The Next ‘Big’ Thing

The Next Big Thing is a chain of book and author recommendations. Sandy Fussell, author-extraordinaire tagged me on her blog and even though Christmas got in the way and I missed my due blogging date, I’m finally organised. Will endeavour to tag some of my writerly friends when the crazy festive season is over. Okay, here goes!

My ‘Next Big Thing’ is a little chapter book – they’re short stories written for children in the first few years of independent reading – a most important task for an author.

What is the title of your next book?
Ali Berber and the Forty Grains of Salt is a chapter book for 9-10 year olds. It will be published by an educational publishing house (details next year). This particular one will be part of a pack combining science with literature – two of my favourite topics. 

Sufi, the camel. Thank you to John Danalis for the inspiration of his camel image from Oman.
Sufi, the camel. Thank you to John Danalis for the inspiration of his camel image from Oman.


Where did the idea come from for the book?

The brief was a story dealing with the Properties of Matter. Yep, not something that most people would think you could write fiction about. But hey, I’m an author, give me a topic and I could probably write a story about it. 🙂 As you can see from the title, the matter I chose is salt. And what an interesting thing is salt!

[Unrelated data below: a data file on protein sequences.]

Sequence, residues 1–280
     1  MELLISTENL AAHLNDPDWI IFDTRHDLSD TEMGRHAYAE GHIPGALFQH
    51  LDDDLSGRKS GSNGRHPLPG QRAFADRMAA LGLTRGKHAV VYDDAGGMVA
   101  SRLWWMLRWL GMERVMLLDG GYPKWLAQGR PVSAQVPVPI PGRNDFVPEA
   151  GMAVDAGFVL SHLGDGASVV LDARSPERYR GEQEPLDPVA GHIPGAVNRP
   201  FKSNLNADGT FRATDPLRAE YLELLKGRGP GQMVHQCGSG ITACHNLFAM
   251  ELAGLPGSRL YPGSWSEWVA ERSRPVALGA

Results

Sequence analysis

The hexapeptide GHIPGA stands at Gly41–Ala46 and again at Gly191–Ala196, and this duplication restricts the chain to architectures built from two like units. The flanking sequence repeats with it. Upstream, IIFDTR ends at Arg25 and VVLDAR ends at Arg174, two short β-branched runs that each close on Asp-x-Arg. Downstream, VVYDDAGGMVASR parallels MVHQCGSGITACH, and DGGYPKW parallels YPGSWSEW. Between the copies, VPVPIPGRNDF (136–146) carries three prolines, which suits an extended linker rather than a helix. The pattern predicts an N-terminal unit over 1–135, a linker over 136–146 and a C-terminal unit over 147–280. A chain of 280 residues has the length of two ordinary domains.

What genre does your book fall under?

A folktale set somewhere in Arabia, some time in the far distant past.

What actors would you choose to play the part of your characters in a movie rendition?

The Life of Pi actor
Inspiration for my character, Ali.

That’s easy! My main character, Ali Berber is the spitting image (in my head) of that handsome, young Indian actor playing the main character in the movie version of The Life of Pi. His name is Suraj Sharma.

What is the one-sentence synopsis of your book?

How a young merchant, Ali Berber parts with a treasure, gains a prize, solves a problem with science, wins the heart and mind of Princess Portia and avoids the head-lopping habit of her father, King Aloysius.

How long did it take you to write the first draft of the manuscript?

This is where I grin widely. Usually a book takes a LONG, LONG time to write – this one, I thought about for a week, wrote the chapter overview in a day and wrote the story in a weekend. It’s 3400 words. And it was a joy to write … kept me grinning all the way through, which is a very good sign. 🙂

Who or what inspired you to write this book?

I love how the educational publishers here in Australia ensure they come up with the very best publications. And I really like how they like to integrate the curriculum with literature; and that what matters the most are THE WORDS. E.g. I’ve never been asked to take out longer, unusual words! No dumbing down here!

Also, I’m lucky to have two scientists in my family – one a Geo-physicist and one a Physicist working on climate change research in the Antarctic. How lucky is that, considering I didn’t study science myself – only an amateur, observing and curious type of scientist, am I. Probably a good thing for an author.

PS I’m working with a wonderful editor, an ex-teacher who believes that all books for children, even those being used as part of the curriculum should be fun, interesting, well written and most of all, be a great read!

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